How to Become a Thought Leader

Amidst the cherry blossoms, MLK stands tall

“Far more commonly, [futurists are] weird people with weird ideas and practices, and are objects of ridicule,” Bruce Sterling

True thought leadership helps people — on and offline — understand the near future, the far future, and often the evolving now. Thought leaders are futurists, people who serve as modern oracles that can help businesses, organizations and societies adapt to the unknown. They break new ground and help us understand how change will impact us, technologically or sociologically.

You see blogs titled like this periodically, and they get tons of attention from top online voices. Invariably, the post is how to promote one’s self as a thought leader, not actually how to offer valuable thought. And that’s a damn shame because while this will certainly vault someone to the level of modern pundit, it rarely achieves the desired effect of producing true thought leadership. So how do you become a real thought leader?

Just to be clear, popularity is not the answer, though it can help secure a perception of thought leadership. However, you can develop the expertise and offer the insights to walk the talk. There are two primary paths to this lofty goal, and both of them require work.

Become a Subject Matter Expert

The first is to become a subject matter expert. Specifically, you need to develop true domain or vertical expertise that empowers you to accurately forecast the trends of now, or the immediate future. This takes a lot of work, often years of real industry experience (sorry to those who thought a personal brand would cut it).

The Zombies on My Desk
Today’s pundits seem more like zombies than thought leaders

This expertise is one dictionary definition of a pundit, but in reality today’s pundits are more commentators, often blow-hards, critics and bloggers that lack the chops to offer true depth of thought. They rely on others’ past experiences, general market memes, and history to guide them. For example, consider marketing bloggers who don’t know how to deliver ROI. Need I say more?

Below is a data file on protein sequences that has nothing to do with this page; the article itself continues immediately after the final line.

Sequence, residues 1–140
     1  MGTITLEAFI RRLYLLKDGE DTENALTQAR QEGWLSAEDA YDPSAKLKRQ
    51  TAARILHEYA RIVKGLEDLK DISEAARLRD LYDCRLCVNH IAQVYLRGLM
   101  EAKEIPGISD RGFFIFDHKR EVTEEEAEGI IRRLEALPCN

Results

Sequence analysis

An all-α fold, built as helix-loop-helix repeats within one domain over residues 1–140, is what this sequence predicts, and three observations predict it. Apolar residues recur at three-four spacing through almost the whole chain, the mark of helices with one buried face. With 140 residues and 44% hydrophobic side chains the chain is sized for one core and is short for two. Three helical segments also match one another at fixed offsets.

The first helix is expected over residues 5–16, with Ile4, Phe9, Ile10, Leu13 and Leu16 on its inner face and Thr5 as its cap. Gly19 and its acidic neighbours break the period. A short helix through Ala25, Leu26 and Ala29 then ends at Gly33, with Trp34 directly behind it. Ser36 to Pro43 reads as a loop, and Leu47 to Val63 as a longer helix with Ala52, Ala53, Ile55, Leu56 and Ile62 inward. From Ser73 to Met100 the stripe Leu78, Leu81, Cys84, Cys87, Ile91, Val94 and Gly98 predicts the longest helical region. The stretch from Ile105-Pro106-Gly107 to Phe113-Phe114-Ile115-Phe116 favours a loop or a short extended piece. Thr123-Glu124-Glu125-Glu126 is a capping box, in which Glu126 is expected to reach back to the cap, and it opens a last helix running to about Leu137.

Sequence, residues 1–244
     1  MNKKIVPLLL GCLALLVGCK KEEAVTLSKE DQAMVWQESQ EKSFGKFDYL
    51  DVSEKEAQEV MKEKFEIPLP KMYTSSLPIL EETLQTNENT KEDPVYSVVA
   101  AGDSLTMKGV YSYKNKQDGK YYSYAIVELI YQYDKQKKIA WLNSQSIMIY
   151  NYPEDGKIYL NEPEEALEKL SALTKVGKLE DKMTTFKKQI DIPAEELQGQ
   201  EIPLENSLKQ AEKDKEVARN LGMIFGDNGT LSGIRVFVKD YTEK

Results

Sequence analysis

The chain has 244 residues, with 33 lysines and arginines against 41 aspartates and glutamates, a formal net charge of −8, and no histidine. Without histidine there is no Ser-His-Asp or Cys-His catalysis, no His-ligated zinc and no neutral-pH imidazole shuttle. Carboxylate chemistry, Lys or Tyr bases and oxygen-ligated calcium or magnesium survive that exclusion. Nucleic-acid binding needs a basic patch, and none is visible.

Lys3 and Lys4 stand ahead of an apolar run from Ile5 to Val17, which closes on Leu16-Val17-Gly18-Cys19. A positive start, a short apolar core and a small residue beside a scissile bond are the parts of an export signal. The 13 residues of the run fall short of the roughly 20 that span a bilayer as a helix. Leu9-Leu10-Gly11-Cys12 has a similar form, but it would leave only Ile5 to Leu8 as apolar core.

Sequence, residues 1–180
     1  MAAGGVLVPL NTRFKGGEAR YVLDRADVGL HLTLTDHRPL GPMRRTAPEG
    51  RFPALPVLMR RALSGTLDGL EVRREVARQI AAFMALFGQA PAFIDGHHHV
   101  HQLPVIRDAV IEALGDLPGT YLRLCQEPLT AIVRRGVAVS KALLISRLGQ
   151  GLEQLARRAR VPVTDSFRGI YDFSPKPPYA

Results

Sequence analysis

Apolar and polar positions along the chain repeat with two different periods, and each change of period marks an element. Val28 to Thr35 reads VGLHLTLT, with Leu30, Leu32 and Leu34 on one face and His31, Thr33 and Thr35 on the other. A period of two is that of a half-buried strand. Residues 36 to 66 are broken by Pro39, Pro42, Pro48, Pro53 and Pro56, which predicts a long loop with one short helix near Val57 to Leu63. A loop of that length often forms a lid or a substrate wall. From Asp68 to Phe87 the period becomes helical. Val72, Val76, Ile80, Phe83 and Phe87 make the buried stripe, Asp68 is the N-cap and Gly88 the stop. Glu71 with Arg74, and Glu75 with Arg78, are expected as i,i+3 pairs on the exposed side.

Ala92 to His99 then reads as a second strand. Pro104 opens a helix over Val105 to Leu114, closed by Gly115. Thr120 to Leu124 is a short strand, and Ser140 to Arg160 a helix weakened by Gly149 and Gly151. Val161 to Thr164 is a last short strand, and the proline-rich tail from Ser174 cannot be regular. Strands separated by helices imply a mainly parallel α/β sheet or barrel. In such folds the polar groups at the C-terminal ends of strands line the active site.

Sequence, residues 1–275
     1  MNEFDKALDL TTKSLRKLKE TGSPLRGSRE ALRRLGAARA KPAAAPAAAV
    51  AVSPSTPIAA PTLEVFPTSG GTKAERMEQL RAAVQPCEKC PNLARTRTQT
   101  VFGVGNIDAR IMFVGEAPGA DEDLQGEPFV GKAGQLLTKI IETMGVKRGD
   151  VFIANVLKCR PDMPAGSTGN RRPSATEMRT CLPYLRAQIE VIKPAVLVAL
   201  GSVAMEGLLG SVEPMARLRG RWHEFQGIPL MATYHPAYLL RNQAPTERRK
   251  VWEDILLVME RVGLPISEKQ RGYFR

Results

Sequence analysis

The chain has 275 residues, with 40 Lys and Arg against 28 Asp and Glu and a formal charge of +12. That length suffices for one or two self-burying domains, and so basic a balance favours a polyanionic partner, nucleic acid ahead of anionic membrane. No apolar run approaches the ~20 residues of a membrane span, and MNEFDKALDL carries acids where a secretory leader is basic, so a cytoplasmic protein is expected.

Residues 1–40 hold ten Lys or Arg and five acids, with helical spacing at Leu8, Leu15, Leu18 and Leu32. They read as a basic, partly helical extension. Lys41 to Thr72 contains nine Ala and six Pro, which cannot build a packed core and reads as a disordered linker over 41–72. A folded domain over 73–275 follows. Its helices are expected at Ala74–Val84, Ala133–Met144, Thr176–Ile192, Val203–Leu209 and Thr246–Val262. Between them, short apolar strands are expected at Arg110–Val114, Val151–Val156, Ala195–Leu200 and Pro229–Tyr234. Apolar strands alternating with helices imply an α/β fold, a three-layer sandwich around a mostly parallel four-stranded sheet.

While history informs the future, it is often subjective and revisionist in nature. No one saw Netflix as a DVD mailer service, nor as an online delivery house, nor its PR implosion last year. The video market pundits had no idea any of these three events were coming. History adds context, but it is not definitive. A subject matter expert needs to be able to anticipate the next move.

In addition to those who cultivate expertise, business leaders who have had significant successes fall into this role. They want to stay in the public eye, yet not necessarily in the same vein as their prior successes. Jack Welch is a classic example. Successful Entrepreneur Anil Dash is a more modern sector specific example.

Read the Future

Our second path to thought leadership is the ability to accurately (at least within reason) forecast the future. This does not mean read the stars or get your palm read.

Frontiers Concert w/ Stewart Brand & Bruce Sterling
Image of Acclaimed Science Fiction Writer Bruce Sterling by frontiersofinteraction

Bruce Sterling just wrote an article for the Smithsonian Magazine on methods to become a futurist. It did inform some of my thinking on the subject matter expert section, and lists several ways to read the future, including data analysis, reporting (or open sourced intelligence) and scenario forecasting.

All of these methods are common business approaches to develop marketing strategies. Opened to your public, these types of insights delivered regularly can fuel thought leadership. Before the commercialization of the social web, this was a common method for developing a top blog.

I like this type of approach because done well it builds value for people. It can also build value for your business, too. It’s how analyst firms like Altimeter Group, Forrester and Gartner create the thought leadership roles that empowers them to charge thousands of dollars for reports, and more for consulting services.